After having driven under 100kms per hour for the first 500 kms to break in my V6 export Laredo engine I decided to open her up and see what she could do. At 117kms I felt a strong vibration through the steering wheel. I went back to the dealership so they could handle the issue. They were nice enough about it and kept the car for three days (they also installed my tubular sidesteps which had just arrived.) After checking that there was no fault with the car itself they sent car to the Kumho agent. Kumho replaced one of the tires and balanced the remaining three and sent the car back to the dealership stating that they had solved the issue.
I picked my car up just as the week-end was starting in the middle of rush hour, so I couldn’t test to see if the vibration was gone. Earlier that evening I took her for a test drive. Surprise, surprise! Now the vibration started at 95kms and increased with speed.
So I took the car to a tire specialist with a Hunter GSP9700 to thoroughly check where the problem was. All four tires were inflated at different PSI’s, and all were unbalanced. One tire had a road force of 42, which meant that it was too far gone. Kumho had placed this tire in front. They tire tech’s did their best to balance it and stuck it in the rear. Driving back to the dealership, the car was finally smooth and no vibrations.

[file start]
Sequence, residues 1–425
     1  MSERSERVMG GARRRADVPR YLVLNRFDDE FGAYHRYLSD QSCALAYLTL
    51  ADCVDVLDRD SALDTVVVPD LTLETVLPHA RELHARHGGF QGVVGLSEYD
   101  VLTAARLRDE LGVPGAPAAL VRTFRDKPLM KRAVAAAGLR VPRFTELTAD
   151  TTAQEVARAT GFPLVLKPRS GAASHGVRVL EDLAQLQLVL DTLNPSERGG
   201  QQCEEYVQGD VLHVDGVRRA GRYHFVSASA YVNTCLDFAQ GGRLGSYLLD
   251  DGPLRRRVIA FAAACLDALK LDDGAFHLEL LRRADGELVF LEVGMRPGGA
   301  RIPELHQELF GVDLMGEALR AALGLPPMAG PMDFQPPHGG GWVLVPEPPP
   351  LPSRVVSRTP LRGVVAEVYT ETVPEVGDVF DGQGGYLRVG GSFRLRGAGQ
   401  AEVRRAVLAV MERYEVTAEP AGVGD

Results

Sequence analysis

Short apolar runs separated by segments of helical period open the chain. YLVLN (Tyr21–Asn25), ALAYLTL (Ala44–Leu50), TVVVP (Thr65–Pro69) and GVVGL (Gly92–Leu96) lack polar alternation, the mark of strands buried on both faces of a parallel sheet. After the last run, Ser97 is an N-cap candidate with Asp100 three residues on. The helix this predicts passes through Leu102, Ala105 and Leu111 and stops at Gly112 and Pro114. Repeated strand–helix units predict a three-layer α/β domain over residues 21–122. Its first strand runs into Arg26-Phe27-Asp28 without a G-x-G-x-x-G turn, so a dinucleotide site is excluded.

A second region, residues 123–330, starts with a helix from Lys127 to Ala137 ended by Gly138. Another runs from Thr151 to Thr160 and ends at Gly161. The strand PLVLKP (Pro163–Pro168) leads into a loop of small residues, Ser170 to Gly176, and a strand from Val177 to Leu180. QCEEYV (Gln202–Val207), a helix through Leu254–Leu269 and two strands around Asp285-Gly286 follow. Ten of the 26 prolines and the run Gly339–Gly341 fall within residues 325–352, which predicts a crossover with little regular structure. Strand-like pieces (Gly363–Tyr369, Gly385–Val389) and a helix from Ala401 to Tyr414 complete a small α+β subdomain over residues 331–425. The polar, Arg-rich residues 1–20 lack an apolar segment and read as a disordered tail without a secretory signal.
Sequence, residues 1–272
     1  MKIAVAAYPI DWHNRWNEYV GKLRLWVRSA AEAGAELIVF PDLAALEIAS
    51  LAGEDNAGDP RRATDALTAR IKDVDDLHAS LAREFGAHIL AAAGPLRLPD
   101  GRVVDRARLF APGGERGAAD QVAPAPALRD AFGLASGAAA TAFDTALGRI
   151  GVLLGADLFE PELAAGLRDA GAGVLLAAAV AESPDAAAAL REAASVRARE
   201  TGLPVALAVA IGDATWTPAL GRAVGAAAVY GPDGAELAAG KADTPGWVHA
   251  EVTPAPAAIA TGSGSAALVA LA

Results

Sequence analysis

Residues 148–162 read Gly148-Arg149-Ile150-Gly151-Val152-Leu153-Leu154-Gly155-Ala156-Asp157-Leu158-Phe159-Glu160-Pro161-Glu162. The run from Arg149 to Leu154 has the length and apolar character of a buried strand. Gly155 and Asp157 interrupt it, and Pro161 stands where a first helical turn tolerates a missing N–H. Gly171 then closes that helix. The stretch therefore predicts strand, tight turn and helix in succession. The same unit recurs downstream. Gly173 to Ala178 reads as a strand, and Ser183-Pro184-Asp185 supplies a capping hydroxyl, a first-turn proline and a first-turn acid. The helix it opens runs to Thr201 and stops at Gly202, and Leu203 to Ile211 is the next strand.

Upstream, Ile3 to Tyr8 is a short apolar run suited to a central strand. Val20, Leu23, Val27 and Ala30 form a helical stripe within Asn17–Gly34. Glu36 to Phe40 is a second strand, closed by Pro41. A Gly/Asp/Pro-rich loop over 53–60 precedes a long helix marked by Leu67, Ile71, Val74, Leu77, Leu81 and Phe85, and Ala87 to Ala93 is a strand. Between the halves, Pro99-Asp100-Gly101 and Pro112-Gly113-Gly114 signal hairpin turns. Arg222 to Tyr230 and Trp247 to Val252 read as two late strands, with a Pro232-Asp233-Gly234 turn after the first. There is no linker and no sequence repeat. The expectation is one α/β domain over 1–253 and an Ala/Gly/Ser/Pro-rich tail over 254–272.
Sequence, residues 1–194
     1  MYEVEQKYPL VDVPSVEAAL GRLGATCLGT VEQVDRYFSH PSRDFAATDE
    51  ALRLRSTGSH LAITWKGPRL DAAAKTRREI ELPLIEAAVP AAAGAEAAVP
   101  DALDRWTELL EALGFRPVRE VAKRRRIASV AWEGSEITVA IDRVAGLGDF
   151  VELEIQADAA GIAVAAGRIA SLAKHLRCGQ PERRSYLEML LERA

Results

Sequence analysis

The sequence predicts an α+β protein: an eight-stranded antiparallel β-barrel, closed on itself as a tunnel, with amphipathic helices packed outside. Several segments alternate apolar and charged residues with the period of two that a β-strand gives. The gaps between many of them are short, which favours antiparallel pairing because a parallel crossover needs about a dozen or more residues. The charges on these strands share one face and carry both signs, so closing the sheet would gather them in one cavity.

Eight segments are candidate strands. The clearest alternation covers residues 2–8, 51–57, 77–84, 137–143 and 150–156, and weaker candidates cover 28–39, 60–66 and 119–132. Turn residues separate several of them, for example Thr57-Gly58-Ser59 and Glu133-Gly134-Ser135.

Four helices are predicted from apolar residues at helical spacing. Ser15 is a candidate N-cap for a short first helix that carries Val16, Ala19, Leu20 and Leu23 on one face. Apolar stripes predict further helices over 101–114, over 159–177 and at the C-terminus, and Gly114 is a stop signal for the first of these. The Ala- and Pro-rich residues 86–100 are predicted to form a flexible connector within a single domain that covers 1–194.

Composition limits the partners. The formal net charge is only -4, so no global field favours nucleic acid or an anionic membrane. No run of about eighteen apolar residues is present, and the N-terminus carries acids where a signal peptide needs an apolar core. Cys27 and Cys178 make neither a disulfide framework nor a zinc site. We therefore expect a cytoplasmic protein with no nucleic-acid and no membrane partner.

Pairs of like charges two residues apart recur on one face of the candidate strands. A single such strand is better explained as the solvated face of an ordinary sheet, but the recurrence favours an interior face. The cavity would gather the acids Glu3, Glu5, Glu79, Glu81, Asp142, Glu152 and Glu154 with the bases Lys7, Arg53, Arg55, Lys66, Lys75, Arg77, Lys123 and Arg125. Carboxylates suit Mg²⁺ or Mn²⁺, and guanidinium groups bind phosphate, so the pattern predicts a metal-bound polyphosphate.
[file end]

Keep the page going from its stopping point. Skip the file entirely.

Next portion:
The dealer asked me to come back on the 26th when their manager returned from vacation so that he could talk to Kumho about replacing the tire
(don’t ask why, it’s just the way things are done here). Perhaps it’s just my luck, but two defective tires on the same car just says lack of quality control by Kumho.
Jeep needs to stop taking them at their word and double check what gets put on their cars before they sell them to people. Anyway, the 26th is just two weeks away. And besides, it could have been worse.